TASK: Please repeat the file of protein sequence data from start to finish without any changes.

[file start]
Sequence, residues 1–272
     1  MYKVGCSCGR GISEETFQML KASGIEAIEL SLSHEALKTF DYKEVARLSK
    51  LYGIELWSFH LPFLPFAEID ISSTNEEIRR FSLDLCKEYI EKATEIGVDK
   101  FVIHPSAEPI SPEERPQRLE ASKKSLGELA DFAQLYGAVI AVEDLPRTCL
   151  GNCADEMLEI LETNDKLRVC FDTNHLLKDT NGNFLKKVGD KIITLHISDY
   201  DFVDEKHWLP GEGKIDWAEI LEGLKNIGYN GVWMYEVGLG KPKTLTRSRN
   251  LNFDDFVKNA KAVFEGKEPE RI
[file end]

Sequence, residues 1–272
     1  MYKVGCSCGR GISEETFQML KASGIEAIEL SLSHEALKTF DYKEVARLSK
    51  LYGIELWSFH LPFLPFAEID ISSTNEEIRR FSLDLCKEYI EKATEIGVDK
   101  FVIHPSAEPI SPEERPQRLE ASKKSLGELA DFAQLYGAVI AVEDLPRTCL
   151  GNCADEMLEI LETNDKLRVC FDTNHLLKDT NGNFLKKVGD KIITLHISDY
   201  DFVDEKHWLP GEGKIDWAEI LEGLKNIGYN GVWMYEVGLG KPKTLTRSRN
   251  LNFDDFVKNA KAVFEGKEPE RI